Controversial scholars of prehistoric religion and anthropology, James Harrod and Vincent W. Fallio, have recently proposed that religion and spirituality and art may have first arisen in Pre-Paleolithic chimpanzees or Early Lower Paleolithic (Oldowan) societies. According to Fallio, the common ancestor of chimpanzees and humans experienced altered states of consciousness and partook in ritual, and ritual was used in their societies to strengthen social bonding and group cohesion.
Although Harrod and Fallio are interested in society bonding and such,does this still show spirituality was present as far back
as we can go----- and the question of shamanism maybe being seriously ancient in its origins.
There is some evidence of ritual among the Neanderthals in which a Shaman dresses as an animal by wearing the skin of the species involved.
At the 50,000-year-old site of Hortus in southern France, two French archaeologists in 1972 reported the discovery of the articulated bones of the left paw and tail of a leopard. Their arrangement suggested that the fragments were once the remnants of a complete leopard hide worn as a costume.
The arrangement was as if the individual was wearing a leopard skin cape. This is attested by several facts. The position of the paw indicate that the bones of the paw were left in the skin. The fact that a human skeleton was found without large parts of a leopard skeleton indicates that there was not a lot of leopard skeleton when the man was buried. There is no reason for leopard skeletal remains to decay faster than human remains. The teeth of a leopard are quite hard and resistant to decay and should have survived had they been there. They weren't. This implies that the only leopard bones in the burial were the paw and the small bones of the tail. Thus this appears to be a cape.
An animal cape is a symbol often used by shamans in their magic rituals.
The whole costume, which is worn only on official occasions, is modeled on the external appearance of a bird, reindeer or roebuck. It is made of deer or reindeer hide and hung with a large number of leather thongs, not to mention the diverse magical symbals characteristic of shamanic robes in general. Uno Harva lists many of these appurtenances: for instance twelve ermine pelts attached to a strap which hangs down the shaman's back, bells beneath his armpits, eagle owl's talons, snakes and iron hands on his sleeves, bear's foot bones on his footwear and iron bear's claws on his gloves and boots. Shamanic robes sometimes varied between different Altaic tribes.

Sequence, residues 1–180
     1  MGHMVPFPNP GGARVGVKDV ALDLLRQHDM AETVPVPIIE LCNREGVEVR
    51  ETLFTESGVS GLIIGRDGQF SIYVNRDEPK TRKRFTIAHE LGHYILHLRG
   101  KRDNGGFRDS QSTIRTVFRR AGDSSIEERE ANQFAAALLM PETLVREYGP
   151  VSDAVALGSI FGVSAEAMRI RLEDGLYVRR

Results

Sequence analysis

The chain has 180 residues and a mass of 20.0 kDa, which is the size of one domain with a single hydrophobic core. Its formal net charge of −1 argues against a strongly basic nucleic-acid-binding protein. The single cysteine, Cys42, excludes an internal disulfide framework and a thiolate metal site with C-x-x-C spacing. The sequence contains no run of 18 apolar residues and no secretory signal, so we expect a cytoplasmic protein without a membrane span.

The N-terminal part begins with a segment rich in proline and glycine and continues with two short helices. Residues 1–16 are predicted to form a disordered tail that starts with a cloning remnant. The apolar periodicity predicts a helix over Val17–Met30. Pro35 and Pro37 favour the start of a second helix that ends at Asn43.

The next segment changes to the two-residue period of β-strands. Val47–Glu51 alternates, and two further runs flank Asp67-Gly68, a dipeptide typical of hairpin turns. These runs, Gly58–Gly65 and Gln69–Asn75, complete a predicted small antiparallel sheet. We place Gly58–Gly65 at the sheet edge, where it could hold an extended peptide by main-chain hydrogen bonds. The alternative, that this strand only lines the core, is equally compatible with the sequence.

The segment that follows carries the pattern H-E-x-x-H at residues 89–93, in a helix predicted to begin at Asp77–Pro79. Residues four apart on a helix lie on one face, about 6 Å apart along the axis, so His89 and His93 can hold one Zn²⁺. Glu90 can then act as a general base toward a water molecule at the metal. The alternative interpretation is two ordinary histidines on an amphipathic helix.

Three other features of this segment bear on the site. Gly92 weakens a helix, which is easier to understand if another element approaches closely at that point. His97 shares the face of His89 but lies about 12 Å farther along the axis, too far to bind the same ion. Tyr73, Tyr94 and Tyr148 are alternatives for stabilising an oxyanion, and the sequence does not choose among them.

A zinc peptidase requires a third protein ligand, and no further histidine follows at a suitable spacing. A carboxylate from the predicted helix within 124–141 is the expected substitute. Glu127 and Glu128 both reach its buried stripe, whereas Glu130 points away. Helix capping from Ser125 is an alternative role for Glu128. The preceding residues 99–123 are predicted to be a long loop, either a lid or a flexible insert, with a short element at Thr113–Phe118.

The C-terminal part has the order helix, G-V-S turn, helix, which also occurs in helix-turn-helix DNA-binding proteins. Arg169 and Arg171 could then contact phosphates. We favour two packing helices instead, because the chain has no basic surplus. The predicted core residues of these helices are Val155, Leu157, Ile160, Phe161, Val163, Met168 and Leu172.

The shaman's costume is essential to his performance and this garment is generally an animal disguise. This leads to the conclusion that depictions of men disguised as animals are very probably meant to represent shamans.
A team of Polish scientists said Monday they have discovered three Neanderthal teeth in a cave, a find they hope may shed light on how similar to modern humans our evolutionary cousins were.
Neanderthal artifacts have been unearthed in Poland before. But the teeth are the first bodily Neanderthal remains found in the country, according to Mikolaj Urbanowski, an archeologist with Szczecin University and the project's lead researcher.
Urbanowski said the teeth were unearthed in the Stajnia Cave, north of the Carpathian Mountains, along with flint tools and the bones of the woolly mammoth and the woolly rhinoceros, both extinct Ice Age species.
Urbanowski said that tooth has undergone the most analysis but the team is nearly certain the other two also belonged to Neanderthals who lived 100,000 to 80,000 years ago.
The placement of the teeth along with flint tools has led the team to hypothesize that the location could have been some kind of primitive burial site, which would point to a belief in the afterlife.
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